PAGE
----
What We Learned: Colts at Texans

Greg Talmage was watching closely during Sunday's Colts-Texans game and shares five things we learned in the 31-27 comeback win by the men wearing the Horseshoe.

1. At the moment, this is not a good football team: Let's be honest with ourselves, Colts fans. This team is not very good. It fails at running the ball or stopping the run. The defense gives up way too many third-down conversions. Linebackers cannot get off blocks. The safeties look lost more often than not. Anything over 35 yards is a very questionable distance for the team's field goal kicker. It's a makeshift offensive line every week and every week that makeshift line struggles to both protect its quarterback and open holes for its runners. The timing between the quarterback and his receivers is still a little off.

Now I qualified this statement with one simple phrase — at the moment. The Colts were four minutes and five seconds away from being alone in last place in the AFC South at the quarter mark of the season.

But there is a light at the end of the tunnel. The Colts still are very talented team personnel-wise, especially on offense, who we can only hope will take the momentum for this amazing comeback and parlay it into a nice run.

Next week, the Baltimore Ravens and their anemic offense come to town. After that it's road game at Lambeau Field, a place where the Packers have lost two straight weeks (Buccaneers, Falcons).

Neither game is easy by any stretch of the imagination, but both are certainly winnable. Win both and that sets up a very important matchup at Tennessee.

OK, OK. Let's take it one week at a time. That's one thing today's game taught us. I would not be excited about this team's prospects at Tennessee right now, but could be on October 27th, if the next two weeks show improvement.

Mario Williams got up close and personal with Peyton Manning several times Sunday
AP Photo/David J. Phillip

2. Pass offense concerns continue: Seeing Peyton and Marvin having an "animated" gentlemen's discussion about routes or the inability to get a consistent passing game going against a defense missing its best corner and both starting safeties has to make even the most casual Colt fan scratch his head and ask what's going on.

It's twofold. First off, timing issues are still plaguing Manning and his receiver corps. Some of this can be attributed to Manning missing all of training camp and the preseason. Overall, it's getting better, but things are still just a bit off. For Peyton and his receivers, Week 4 was a bad week for a bye.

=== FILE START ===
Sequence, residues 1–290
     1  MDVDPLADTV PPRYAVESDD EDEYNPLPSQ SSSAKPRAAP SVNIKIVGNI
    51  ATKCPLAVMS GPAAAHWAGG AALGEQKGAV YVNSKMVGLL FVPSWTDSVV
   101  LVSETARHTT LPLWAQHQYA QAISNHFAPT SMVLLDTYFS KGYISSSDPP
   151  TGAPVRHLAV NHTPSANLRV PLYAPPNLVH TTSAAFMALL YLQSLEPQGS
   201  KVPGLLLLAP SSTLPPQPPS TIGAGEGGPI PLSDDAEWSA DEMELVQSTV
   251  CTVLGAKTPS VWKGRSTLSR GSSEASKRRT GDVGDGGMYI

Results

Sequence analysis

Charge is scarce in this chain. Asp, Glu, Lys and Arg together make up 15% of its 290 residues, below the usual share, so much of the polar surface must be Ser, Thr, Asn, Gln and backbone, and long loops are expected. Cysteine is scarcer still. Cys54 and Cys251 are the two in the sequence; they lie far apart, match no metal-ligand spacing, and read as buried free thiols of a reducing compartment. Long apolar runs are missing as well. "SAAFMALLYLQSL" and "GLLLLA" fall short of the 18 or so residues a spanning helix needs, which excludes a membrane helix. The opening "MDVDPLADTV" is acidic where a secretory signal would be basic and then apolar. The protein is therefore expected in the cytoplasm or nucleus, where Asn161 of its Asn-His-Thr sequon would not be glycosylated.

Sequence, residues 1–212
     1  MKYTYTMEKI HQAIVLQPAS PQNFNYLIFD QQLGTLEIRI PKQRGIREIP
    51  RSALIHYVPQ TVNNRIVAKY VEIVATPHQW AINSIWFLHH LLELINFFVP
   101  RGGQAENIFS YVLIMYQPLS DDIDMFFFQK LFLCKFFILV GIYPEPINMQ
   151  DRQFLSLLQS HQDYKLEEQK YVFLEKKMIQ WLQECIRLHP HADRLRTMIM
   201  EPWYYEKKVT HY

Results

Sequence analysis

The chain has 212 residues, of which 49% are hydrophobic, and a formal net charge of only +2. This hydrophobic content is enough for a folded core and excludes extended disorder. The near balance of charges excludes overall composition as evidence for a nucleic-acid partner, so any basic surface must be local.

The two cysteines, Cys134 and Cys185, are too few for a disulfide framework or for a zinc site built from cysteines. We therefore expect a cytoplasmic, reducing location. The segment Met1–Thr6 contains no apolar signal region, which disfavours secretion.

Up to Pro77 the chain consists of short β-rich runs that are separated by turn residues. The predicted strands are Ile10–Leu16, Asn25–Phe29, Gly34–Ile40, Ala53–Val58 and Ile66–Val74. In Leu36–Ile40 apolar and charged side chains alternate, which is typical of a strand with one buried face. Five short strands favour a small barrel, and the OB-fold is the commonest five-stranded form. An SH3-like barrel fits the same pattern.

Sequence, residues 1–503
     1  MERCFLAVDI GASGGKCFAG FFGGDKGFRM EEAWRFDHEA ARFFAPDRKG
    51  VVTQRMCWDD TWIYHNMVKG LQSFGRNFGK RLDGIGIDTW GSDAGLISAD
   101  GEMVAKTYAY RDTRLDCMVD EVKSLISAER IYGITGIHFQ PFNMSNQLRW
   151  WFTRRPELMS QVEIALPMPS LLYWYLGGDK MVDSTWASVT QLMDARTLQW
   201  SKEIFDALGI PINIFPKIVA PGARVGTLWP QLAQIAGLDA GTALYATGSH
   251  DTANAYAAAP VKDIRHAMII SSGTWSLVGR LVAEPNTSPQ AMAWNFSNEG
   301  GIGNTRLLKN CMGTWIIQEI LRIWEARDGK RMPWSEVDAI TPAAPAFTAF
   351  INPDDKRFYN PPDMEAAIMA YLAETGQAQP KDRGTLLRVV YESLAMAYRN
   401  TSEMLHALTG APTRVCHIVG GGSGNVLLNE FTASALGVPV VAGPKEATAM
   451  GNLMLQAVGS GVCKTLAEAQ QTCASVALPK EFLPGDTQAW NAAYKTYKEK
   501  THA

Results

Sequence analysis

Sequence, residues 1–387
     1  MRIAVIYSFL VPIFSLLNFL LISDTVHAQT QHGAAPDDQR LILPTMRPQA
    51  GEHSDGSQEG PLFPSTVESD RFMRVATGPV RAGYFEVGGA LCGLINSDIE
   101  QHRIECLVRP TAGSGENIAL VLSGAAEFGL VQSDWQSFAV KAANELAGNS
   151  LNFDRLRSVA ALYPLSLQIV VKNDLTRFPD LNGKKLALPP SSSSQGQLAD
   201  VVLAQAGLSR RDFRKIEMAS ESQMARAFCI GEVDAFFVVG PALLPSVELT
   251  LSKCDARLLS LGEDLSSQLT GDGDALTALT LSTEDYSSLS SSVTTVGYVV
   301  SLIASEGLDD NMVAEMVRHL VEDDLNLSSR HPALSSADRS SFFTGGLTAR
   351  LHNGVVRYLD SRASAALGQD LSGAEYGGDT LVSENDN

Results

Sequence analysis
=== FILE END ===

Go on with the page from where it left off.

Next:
The other and much bigger factor is pass protection failures. It's tough to get into a rhythm when the quarterback is on his back, under pressure or being forced to attempt plays on the move. Today, it was DE Mario Williams causing all sorts of havoc. Williams was blowing by whoever was across from him. It didn't matter if it was Ryan Diem, Charlie Johnson, Gijon Robinson, Tom Santi, Howard Mudd himself, the kitchen sink or whoever. The Colts hardly had an answer all afternoon.

It doesn't get any easier next week with Terrell Suggs. Indianapolis needs to clean this up quick or it'll be another week of frustrated receivers and quarterback.

3. Dan Federkeil was badly missed today: It's been a cast of revolving characters on the interior line of the Colts each week this season. The lack of continuity is definitely taking a toll. It's good to have Jeff Saturday — he's the line marshal and does a great job getting everyone their assignments — but it's too bad he can't block for some of them. But I'm not sure Saturday was the guy the Colts line misses the most.

Right now, I think that guy is Dan Federkeil. Federkeil was a constant and consistent force before going down against Jacksonville. Something the line needs badly is consistent play and that's what Federkeil was giving Indianapolis.

He holds his ground in the trenches, doesn't make commit dumb penalties and has the speed and versatility to get the edge when pulling. I'm curious to see how Mudd juggles this unit when Ugoh, Lilja and Federkeil all come back halthy. I'm sure that's a day No. 18 is also looking forward to.

4. The defense is playing on its heels and not showing its swarming opportunistic side: The preceding line wasn't true on the final three Texan possessions and hopefully that's a sign that things are changing. But for nearly 55 minutes on Sunday, the Colts defense was again back on its heels most of the afternoon, getting shredded for large chunks of yardage on the ground and giving up too many easy completions. The biggest worry has to be this units' inability to get off the field on third down.

Where are the problems? The linebacking trio is having all sorts of trouble staying clean of blockers. A lot of that can be attributed to the fact that the Colts' smallish DTs are being blocked by a single blocker on most downs.

Also, in the secondary, safeties Bethea and Bullitt do not seem to be on the same page all the time. Bullitt in the box is not nearly the presence of Sanders, so the dropoff there is very measurable. This as a result puts more pressure on the Colts corners.

5. Steve Slaton is for real: I'm not looking forward to seeing this kid at Lucas Oil Stadium in a few weeks or in any game against the Colts for the next few years. Slaton is a hard punishing runner with great speed and playmaking ability, who fits the mode of rushers that give the Colts' small but quick defense all kinds of headaches.

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